This is the second of a 2-part series on resending campaigns. If you missed part 1, you can check out our data on open rates, subject lines, and From name.
The last time we looked at resend campaigns, we saw that simply resending a campaign to subscribers who didn’t open the first time is a great idea. You can increase the percent of your list who opened by 8.7 percentage points. That’s enough to turn a good open rate into a great open rate, but there are definitely factors that can make some resends more successful than others.
We analyzed 1,300 campaigns and their corresponding resend campaigns to see if we could find what factors make resend campaigns successful. The first question I want to answer today is: How long should you wait to resend a campaign?
Note: These charts don’t show the engagement rates of the resend campaign. Instead, they show additional metrics from the resend campaign as if they were added to the engagement metrics from the original campaign. We liked this measurement because it demonstrates the real impact of the resend campaign on what matters: the number of subscribers who interact with your email.
Days between original and resend?
Verdict: 1 to 3 days
Looking at just opens, it doesn’t seem like there is a huge different between waiting 1 day or 7 days between sending your original campaign and the resend campaign. However, we do see a decline in clicks for resend campaigns that are sent more than 3 days after the original.
On the other hand, the data for unsubscribes and abuse complaints looks erratic after the 3-day period. While there doesn’t appear to be a slam dunk answer, I would argue that the decrease in interest and the unpredictable list attrition metrics suggest that resend campaigns should be sent within a 3-day window of the original campaign.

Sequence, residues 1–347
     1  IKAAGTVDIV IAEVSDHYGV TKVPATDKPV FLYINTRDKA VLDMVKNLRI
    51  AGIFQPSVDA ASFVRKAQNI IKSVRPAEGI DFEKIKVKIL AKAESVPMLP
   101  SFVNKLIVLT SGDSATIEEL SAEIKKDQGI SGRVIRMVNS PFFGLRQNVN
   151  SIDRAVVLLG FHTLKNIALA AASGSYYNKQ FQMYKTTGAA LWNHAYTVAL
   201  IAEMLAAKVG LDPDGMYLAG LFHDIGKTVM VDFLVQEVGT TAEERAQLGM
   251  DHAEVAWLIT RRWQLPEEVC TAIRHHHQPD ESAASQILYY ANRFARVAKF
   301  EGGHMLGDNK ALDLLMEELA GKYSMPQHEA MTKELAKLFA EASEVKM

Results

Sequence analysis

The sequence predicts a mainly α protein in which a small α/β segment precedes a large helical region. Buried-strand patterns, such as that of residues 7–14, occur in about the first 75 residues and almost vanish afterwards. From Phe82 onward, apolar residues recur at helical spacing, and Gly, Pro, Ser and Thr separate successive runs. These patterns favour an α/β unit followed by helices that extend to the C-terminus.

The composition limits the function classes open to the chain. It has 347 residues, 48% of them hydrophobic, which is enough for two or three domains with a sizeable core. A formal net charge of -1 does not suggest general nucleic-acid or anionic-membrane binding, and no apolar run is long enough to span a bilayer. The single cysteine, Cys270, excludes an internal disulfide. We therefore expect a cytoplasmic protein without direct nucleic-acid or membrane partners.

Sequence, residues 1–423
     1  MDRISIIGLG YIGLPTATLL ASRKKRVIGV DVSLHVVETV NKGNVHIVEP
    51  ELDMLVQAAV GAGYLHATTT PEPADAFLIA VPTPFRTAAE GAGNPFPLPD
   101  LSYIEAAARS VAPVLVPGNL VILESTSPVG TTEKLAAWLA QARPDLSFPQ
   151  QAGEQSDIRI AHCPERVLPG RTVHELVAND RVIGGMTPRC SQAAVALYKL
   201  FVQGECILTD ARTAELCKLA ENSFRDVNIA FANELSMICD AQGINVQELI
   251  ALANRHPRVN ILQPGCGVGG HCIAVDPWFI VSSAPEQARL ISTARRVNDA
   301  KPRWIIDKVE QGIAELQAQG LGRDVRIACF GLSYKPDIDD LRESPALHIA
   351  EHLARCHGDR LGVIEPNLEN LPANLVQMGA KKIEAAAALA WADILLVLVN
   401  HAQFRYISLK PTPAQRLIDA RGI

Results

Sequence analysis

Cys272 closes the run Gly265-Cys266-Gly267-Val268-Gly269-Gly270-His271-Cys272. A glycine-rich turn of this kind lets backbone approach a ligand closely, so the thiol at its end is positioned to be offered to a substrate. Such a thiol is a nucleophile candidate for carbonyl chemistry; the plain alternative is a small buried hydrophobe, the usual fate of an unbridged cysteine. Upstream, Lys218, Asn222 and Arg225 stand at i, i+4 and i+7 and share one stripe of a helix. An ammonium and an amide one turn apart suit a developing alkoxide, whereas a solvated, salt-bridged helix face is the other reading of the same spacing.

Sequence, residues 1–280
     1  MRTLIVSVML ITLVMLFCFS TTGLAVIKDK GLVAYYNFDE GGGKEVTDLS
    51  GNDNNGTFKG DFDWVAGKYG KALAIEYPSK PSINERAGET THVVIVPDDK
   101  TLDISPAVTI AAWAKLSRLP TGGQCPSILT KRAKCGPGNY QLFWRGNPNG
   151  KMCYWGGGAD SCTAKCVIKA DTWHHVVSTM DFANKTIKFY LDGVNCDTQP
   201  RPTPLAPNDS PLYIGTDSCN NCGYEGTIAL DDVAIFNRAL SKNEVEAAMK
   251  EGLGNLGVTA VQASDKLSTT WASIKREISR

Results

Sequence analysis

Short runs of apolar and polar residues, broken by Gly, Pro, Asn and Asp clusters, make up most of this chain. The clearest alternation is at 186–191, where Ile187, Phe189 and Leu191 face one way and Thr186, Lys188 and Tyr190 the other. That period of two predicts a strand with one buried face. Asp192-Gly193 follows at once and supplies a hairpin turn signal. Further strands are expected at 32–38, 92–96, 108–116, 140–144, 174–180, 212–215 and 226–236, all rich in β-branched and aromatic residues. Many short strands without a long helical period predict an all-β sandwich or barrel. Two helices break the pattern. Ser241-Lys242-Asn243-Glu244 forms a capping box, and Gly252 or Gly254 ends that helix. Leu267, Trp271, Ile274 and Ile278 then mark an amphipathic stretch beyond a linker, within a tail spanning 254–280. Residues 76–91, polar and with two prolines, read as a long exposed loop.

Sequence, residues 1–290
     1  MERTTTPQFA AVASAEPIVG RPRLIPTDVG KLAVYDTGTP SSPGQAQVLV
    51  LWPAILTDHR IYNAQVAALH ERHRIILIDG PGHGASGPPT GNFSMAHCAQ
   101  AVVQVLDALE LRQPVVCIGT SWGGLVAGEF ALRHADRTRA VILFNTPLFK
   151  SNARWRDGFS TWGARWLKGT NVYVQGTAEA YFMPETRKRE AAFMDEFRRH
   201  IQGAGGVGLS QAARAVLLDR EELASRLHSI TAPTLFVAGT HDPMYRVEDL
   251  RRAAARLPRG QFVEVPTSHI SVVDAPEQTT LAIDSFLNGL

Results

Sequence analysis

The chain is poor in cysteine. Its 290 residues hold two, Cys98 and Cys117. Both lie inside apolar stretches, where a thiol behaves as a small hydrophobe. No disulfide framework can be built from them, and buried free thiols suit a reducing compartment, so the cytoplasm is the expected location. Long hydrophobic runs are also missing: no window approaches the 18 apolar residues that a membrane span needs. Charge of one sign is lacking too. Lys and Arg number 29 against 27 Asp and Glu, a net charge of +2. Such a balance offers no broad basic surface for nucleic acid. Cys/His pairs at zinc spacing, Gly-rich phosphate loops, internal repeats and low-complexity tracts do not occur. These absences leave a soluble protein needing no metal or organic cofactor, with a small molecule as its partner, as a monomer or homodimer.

Change the time of day?
Verdict: It’s good, but it’s not for everyone.
We wanted to know if you could get new subscribers to open by sending at a different time of day. To do this, we identified resend campaigns that were sent more than 8 hours before or after the time of day that the original campaign was sent. For instance, this would include resend campaigns that were sent in the afternoon while the original campaign was sent in the early morning.
The results were deeply conflicting. We see slight increases in the gains for opens and clicks when users change the time of day for their resend campaign. We also see a drastic decrease in unsubscribes for users who send their resend campaign at a different time of day. However, we also see a lot more abuse complaints.
As mentioned in the last blog post, abuse complaints can impact your deliverability in short order. If you have to choose between unsubscribes and abuse complaints, you should always choose to minimize abuse complaints because they will damage your reputation with ISPs and hurt your chances of getting to the inbox.
That being said, if you have unusually low abuse complaints to start with, you may want to experiment with the time of day for your resend campaign. For our paid users, I would highly recommend checking out our Send Time Optimization feature instead.
Resend on a weekend or a weekday?
Verdict: Mix it up!
The data here is totally a slam dunk, but these charts require some mental gymnastics because they show 4 different groups per chart.
We wanted to look at users who sent their original campaign on a weekday and their resend on a weekend and vice versa. We don’t see a huge difference in open rates, but click rates were much better for people who changed things up. The data suggests that if you send your original campaign on a weekday, you’ll see far more clicks if you resend your campaign on a weekend. The same is true for those who sent their original campaign on a weekend. Mix it up!
It’s also incredible to see the impact on unsubscribes and abuse complaints. For those who sent their original campaign on a weekend, waiting the 1 or possibly 7 days to resend that campaign was a disaster. They saw huge and unnecessary gains in unsubscribe and abuse complaints. Avoid that at all costs.
No matter what, resending your campaign is likely to increase list attrition through unsubscribes and abuse complaints. Since resend campaigns don’t perform as well as the original campaign, they don’t necessarily get the full benefit of a fresh new piece of content to your complete list. On the other hand, if you’re using resend campaigns strategically, you can get a lot more eyes on your campaigns and a lot more clicks through to your content. If you’re like many of our users who rely on email campaigns to make the holiday season a success, this can be a powerful way to use your list and maximize return on your best content.